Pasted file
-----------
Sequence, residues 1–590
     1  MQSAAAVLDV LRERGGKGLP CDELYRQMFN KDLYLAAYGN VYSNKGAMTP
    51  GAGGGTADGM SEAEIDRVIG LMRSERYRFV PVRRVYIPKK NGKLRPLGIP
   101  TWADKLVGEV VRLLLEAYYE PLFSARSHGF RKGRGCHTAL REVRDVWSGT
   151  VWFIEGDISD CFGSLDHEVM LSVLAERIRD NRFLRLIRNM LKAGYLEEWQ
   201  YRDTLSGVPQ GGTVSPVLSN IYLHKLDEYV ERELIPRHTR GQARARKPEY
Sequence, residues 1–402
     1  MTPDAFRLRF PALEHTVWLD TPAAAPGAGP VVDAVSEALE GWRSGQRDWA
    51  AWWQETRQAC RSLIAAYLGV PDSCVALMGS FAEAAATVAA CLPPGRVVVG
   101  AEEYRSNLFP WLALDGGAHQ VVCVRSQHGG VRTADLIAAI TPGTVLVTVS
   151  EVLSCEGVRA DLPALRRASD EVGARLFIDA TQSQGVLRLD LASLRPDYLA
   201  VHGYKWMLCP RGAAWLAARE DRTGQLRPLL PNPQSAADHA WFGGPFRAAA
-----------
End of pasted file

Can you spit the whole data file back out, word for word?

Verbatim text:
Sequence, residues 1–590
     1  MQSAAAVLDV LRERGGKGLP CDELYRQMFN KDLYLAAYGN VYSNKGAMTP
    51  GAGGGTADGM SEAEIDRVIG LMRSERYRFV PVRRVYIPKK NGKLRPLGIP
   101  TWADKLVGEV VRLLLEAYYE PLFSARSHGF RKGRGCHTAL REVRDVWSGT
   151  VWFIEGDISD CFGSLDHEVM LSVLAERIRD NRFLRLIRNM LKAGYLEEWQ
   201  YRDTLSGVPQ GGTVSPVLSN IYLHKLDEYV ERELIPRHTR GQARARKPEY
Sequence, residues 1–402
     1  MTPDAFRLRF PALEHTVWLD TPAAAPGAGP VVDAVSEALE GWRSGQRDWA
    51  AWWQETRQAC RSLIAAYLGV PDSCVALMGS FAEAAATVAA CLPPGRVVVG
   101  AEEYRSNLFP WLALDGGAHQ VVCVRSQHGG VRTADLIAAI TPGTVLVTVS
   151  EVLSCEGVRA DLPALRRASD EVGARLFIDA TQSQGVLRLD LASLRPDYLA
   201  VHGYKWMLCP RGAAWLAARE DRTGQLRPLL PNPQSAADHA WFGGPFRAAA